BHAGYA LAKSHMI DRUMSTICK SAPLINGS (MORINGA)
BHAGYA LAKSHMI DRUMSTICK
- Yield starts in 6 months provided when proper pruning and training techniques are adapted. Supplementing balanced and timely nutrition is an important prerequisite for high yields of Moringa pods.
- Leaves can also be harvested since they are highly edible.
- In a single season, each tree can yield up to 50Kg with proper maintenance
- 10 ft x 10 ft or 12 ft x 12 ft
Moringa grows well in most soils without additions of fertilizer. Once established, the extensive and deep root system of Moringa is efficient in mining nutrients from the soil. For optimum growth and yields, fertilizers are applied at planting time. Dig trenches around the base of the plant (10–20 cm from the base) and apply approximately 300 g of a commercial nitrogen fertilizer per tree. If commercial nitrogen fertilizer is not available, use compost or well-rotted farmyard manure at the rate of 1–2 kg/tree.
At the 3rd month of planting 100g urea, 100g super Phosphate and 50gm Potash should be applied to each plant. After this, 100g urea should be applied once in 6 months.
Controlling pests and diseases:
Moringa is resistant to most pests and diseases, but outbreaks may occur under certain conditions. For example, Diplodia root rot may appear in waterlogged soils, causing severe wilting and death of plants. Mite populations can increase during dry and cool weather. These pests create yellowing of leaves, but plants usually recover during warm weather. Other insect pests include termites, aphids, leaf miners, whiteflies, and caterpillars.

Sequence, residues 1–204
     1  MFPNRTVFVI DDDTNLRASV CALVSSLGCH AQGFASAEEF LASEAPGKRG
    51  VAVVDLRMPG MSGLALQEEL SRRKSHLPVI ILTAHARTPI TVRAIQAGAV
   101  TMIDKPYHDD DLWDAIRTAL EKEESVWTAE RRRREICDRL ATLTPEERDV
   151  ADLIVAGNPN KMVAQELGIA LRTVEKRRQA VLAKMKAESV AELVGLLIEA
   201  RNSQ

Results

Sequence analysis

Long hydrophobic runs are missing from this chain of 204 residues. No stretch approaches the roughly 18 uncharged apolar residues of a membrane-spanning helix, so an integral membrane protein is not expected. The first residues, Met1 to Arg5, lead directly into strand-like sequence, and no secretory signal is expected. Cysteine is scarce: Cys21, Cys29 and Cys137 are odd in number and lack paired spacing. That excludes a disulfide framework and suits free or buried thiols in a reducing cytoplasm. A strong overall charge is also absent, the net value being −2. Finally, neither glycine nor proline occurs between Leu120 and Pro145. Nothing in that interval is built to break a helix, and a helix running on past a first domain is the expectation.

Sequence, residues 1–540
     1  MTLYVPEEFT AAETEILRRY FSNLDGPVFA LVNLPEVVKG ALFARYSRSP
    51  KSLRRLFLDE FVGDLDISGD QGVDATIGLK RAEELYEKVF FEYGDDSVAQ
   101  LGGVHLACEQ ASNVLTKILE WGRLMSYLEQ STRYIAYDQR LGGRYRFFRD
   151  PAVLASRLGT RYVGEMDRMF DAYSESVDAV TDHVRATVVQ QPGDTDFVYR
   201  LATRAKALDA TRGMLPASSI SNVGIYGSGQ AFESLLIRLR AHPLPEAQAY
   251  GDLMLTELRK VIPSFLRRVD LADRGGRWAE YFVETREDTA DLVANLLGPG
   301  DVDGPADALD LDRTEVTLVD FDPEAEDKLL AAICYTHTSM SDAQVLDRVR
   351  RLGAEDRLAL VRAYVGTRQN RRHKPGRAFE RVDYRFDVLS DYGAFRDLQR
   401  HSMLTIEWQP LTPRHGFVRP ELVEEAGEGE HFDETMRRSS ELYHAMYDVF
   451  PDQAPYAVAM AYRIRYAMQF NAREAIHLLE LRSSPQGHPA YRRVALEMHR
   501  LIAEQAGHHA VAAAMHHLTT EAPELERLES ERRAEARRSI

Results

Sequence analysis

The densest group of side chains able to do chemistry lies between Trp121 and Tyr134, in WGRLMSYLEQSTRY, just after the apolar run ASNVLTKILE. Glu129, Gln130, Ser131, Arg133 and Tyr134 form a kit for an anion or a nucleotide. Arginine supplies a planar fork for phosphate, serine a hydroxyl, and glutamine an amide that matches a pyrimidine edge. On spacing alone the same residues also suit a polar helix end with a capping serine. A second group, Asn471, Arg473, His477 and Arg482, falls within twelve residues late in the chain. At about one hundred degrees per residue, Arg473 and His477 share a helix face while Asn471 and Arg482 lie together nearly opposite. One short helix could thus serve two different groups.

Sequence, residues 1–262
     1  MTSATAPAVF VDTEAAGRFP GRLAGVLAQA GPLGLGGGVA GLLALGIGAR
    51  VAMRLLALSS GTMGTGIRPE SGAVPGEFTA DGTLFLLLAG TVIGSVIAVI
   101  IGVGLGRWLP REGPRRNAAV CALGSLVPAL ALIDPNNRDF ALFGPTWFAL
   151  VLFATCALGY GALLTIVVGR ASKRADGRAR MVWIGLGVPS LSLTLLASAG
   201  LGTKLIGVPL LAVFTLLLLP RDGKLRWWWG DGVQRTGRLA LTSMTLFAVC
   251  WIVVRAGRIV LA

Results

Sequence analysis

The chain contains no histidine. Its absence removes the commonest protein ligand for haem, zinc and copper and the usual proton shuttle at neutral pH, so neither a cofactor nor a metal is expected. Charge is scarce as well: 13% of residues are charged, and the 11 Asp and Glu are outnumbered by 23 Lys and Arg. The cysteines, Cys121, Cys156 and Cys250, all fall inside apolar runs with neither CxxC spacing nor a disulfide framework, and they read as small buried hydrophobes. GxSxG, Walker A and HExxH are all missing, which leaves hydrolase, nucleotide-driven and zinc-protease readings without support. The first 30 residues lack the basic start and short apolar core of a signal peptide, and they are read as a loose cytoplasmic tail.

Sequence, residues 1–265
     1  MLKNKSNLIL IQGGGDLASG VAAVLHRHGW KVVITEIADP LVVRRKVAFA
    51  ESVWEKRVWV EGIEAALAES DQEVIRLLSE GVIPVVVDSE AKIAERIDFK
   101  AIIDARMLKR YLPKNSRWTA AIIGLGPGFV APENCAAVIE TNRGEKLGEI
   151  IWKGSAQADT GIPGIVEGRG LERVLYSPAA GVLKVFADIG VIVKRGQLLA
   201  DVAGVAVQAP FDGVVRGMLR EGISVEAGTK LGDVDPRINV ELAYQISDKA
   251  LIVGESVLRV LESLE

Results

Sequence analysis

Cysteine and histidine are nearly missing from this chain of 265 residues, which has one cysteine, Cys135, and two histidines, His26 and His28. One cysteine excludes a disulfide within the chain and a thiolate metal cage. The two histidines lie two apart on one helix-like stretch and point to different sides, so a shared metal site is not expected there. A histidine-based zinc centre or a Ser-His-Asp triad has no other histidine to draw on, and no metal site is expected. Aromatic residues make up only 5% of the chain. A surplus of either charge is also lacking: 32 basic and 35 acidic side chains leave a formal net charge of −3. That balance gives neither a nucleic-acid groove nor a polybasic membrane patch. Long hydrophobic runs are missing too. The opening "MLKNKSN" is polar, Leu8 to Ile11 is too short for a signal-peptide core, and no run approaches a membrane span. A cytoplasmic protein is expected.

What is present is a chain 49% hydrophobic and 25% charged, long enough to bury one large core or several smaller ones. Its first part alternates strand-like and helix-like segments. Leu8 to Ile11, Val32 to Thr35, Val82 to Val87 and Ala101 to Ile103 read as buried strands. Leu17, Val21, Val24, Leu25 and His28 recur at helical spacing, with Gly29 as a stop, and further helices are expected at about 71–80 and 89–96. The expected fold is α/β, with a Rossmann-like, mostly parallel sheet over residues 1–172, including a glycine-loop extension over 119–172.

Chemical control of insect pests should be used only when severe infestations occur. Choose a pesticide that targets the specific pest causing the damage, and avoid pesticides that kill or inhibit the development of beneficial organisms. Choose pesticides that last only a few days.
Cattle, sheep, pigs, and goats will eat Moringa seedlings, pods and leaves. Protect Moringa seedlings from livestock by installing a fence or by planting a hedge around the plot.
Moringa should be trimmed to promote branching, increase yields, and facilitate harvesting. If left to grow without cutting the main trunk, the fast-growing tree will grow straight and tall producing leaves and pods only on the primary stem. To encourage the development of many branches and pods within easy reach from the ground, prune the apical growing shoot when the tree is 1.0–2.0 m high. Use a sharp cutting knife, machete, or pruning saw to make smooth cuts. New shoots will emerge from just below where the cut is made. Thereafter, cut the growing tips of the branches so that the tree will become bushier. Another pruning strategy is to cut back each branch by 30 cm when it reaches 60 cm in length. This will produce a multi-branched shrub.
If the tree is being grown for pod production, remove flowers during the first year. This will channel all of the young tree’s energy into vegetative and root development (rather than energy-draining pods), leading to more vigorous growth and productive yields in the future.
Each tree gives 35kg of drumstick in 1 season. It yields well for 1 ½ year.
One acre can support 400 plants and they come to bear in 6 months from the second bearing each tree produces 100kg of fruit (i.e.,) 40.000 kg from 1 acre